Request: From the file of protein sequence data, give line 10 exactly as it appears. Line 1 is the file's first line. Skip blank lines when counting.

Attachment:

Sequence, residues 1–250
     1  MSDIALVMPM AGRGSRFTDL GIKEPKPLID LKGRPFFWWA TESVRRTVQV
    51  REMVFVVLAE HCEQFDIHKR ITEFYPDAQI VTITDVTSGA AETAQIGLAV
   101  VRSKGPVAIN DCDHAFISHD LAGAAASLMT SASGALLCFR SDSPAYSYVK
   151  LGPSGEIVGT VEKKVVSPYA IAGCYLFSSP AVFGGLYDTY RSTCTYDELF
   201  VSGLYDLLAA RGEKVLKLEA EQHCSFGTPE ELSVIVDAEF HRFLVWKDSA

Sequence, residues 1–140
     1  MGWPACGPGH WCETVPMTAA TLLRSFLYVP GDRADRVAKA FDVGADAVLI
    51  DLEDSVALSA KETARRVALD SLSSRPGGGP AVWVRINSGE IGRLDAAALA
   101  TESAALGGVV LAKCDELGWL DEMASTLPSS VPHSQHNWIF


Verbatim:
   101  TESAALGGVV LAKCDELGWL DEMASTLPSS VPHSQHNWIF